One of the most contentious topics for Americans in Portugal with NHR status is whether Portugal’s 28% capital gains tax applies to them. Some tax professionals argue that Americans are subject to the same Portuguese taxation that applies to other countries’ NHR expats. Others claim that Americans are exempt from Portuguese capital gains taxation per the U.S.-Portugal tax treaty. Thankfully, a recent court ruling on this topic offered some clarity.

In short, the panel of arbitrators ruled that Portugal cannot impose capital gains tax on NHR Americans. Because the U.S., unlike almost all other countries, has citizenship-based taxation and continues to tax its citizens’ capital gains (under the terms of the “Saving Clause” in the treaty), Portugal doesn’t have the right to do so based on how the NHR legislation is phrased.

This is good news for Americans, but as the firm who won the case notes, the court ruling is not binding (as court cases don’t establish precedents in Portugal). Regardless, the ruling can be a good foundation for asking your tax preparer to take a similar stance.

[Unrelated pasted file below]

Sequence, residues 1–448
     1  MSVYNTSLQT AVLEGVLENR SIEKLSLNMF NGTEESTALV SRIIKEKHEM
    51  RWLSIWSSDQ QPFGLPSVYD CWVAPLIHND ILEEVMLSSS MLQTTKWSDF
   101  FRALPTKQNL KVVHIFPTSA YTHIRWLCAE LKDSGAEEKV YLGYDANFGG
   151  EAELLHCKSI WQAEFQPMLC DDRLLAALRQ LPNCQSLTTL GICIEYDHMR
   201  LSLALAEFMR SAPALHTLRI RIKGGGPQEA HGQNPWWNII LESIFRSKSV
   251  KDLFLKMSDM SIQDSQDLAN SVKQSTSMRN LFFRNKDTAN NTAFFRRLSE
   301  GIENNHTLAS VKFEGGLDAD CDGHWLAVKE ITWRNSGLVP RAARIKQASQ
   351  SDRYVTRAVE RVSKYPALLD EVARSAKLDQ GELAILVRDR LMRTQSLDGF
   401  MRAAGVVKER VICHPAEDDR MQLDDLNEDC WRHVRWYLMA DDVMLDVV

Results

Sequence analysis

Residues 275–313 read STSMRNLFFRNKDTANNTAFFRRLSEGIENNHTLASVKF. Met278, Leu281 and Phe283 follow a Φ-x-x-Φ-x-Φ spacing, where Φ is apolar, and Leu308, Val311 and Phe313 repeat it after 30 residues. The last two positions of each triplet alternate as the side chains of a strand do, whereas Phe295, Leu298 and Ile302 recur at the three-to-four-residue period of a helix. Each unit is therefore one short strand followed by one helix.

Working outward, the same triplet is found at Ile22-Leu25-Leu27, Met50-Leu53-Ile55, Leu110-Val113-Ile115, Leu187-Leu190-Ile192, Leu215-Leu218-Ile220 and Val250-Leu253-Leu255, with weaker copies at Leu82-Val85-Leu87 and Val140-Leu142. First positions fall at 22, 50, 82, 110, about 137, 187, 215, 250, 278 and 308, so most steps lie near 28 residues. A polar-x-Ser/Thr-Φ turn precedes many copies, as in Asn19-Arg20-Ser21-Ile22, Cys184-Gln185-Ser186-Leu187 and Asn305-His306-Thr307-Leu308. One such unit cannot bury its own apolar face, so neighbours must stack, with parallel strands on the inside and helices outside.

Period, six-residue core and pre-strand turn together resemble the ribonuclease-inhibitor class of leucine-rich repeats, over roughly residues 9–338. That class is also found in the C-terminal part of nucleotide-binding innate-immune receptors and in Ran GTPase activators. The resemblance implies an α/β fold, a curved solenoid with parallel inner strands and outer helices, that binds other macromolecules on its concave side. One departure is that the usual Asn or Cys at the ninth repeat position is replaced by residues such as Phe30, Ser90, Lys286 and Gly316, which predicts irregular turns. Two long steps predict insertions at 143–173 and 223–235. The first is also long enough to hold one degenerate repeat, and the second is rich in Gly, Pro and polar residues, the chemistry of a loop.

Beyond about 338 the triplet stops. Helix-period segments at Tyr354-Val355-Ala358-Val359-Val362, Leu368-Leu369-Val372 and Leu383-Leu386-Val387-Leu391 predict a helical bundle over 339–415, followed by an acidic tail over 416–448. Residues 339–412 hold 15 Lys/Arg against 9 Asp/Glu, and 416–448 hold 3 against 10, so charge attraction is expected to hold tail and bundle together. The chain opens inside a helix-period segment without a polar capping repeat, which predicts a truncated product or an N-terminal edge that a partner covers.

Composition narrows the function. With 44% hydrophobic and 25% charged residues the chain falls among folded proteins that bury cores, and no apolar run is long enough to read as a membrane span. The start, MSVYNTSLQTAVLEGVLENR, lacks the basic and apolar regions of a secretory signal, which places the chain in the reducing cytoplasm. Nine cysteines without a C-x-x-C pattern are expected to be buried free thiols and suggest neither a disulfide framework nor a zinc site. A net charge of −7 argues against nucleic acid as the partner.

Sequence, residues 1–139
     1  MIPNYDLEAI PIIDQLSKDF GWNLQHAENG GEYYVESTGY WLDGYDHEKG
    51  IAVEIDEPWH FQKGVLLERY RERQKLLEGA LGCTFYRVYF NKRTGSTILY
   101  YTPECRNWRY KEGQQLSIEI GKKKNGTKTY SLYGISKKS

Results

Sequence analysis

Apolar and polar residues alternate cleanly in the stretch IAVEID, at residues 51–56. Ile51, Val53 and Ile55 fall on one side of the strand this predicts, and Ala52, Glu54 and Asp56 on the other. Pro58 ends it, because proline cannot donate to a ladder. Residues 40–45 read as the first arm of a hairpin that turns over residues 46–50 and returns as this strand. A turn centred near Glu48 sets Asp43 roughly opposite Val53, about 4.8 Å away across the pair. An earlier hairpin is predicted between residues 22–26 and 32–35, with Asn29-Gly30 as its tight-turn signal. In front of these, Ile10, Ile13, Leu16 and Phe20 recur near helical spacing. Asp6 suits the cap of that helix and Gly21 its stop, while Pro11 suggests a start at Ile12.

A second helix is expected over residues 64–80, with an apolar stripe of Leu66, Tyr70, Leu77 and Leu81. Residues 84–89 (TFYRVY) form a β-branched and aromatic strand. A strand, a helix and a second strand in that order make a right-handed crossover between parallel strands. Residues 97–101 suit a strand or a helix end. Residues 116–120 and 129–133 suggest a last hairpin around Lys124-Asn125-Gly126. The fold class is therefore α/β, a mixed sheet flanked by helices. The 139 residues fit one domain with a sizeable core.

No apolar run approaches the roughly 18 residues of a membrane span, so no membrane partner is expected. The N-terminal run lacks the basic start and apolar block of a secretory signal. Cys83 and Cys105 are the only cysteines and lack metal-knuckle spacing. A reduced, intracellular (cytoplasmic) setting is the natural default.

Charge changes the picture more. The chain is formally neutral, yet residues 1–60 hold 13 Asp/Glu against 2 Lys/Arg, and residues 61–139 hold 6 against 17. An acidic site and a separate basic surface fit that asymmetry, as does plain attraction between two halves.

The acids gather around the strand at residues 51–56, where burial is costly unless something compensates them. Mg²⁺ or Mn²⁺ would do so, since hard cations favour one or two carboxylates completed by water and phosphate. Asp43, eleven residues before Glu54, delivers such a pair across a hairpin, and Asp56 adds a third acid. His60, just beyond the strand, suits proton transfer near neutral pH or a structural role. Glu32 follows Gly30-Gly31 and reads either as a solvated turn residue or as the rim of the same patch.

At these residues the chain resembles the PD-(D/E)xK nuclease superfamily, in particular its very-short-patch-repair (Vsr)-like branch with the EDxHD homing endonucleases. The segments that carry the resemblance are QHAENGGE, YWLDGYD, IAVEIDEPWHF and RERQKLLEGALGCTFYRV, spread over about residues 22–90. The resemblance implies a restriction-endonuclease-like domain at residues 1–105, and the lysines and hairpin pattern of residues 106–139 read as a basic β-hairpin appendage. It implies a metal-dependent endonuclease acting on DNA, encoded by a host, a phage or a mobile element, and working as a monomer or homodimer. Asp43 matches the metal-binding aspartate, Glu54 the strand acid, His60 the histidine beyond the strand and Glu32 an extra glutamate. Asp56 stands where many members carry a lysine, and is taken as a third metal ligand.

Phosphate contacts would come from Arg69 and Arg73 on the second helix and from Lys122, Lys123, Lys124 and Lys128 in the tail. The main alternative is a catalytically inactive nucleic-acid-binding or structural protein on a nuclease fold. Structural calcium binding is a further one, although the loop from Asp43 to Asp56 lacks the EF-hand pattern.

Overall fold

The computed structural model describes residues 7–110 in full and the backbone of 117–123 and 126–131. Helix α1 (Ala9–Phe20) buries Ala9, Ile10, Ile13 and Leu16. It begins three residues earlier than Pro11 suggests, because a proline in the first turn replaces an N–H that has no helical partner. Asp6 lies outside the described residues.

6. The Portuguese Golden Visa program can offer a “fast track” to residency and citizenship, but it may be unnecessary.

Portugal offers a Golden Visa program that allows foreign investors to quickly establish Portuguese residency and citizenship. The program was curtailed in 2023, but there are still several options available.

While the Golden Visa program may sound attractive, making a large investment or real estate purchase is generally unnecessary for Americans and other developed country expats to receive residency given the ease of obtaining a visa for Portugal.

7. Gifting and estate planning as an American expat in Portugal can be tricky — and may result in double taxation if you’re not careful.

Portugal eliminated their inheritance tax in 2004 but does apply a 10% “stamp duty,” or Imposto do Selo, when assets are gifted or passed on at death. There are two key exemptions to the stamp duty:

  1. Spouses, civil partners, descendants (children, grandchildren, etc.) and ascendants (parents, etc.) are exempt. A 0.8% tax still applies to gifts of real estate.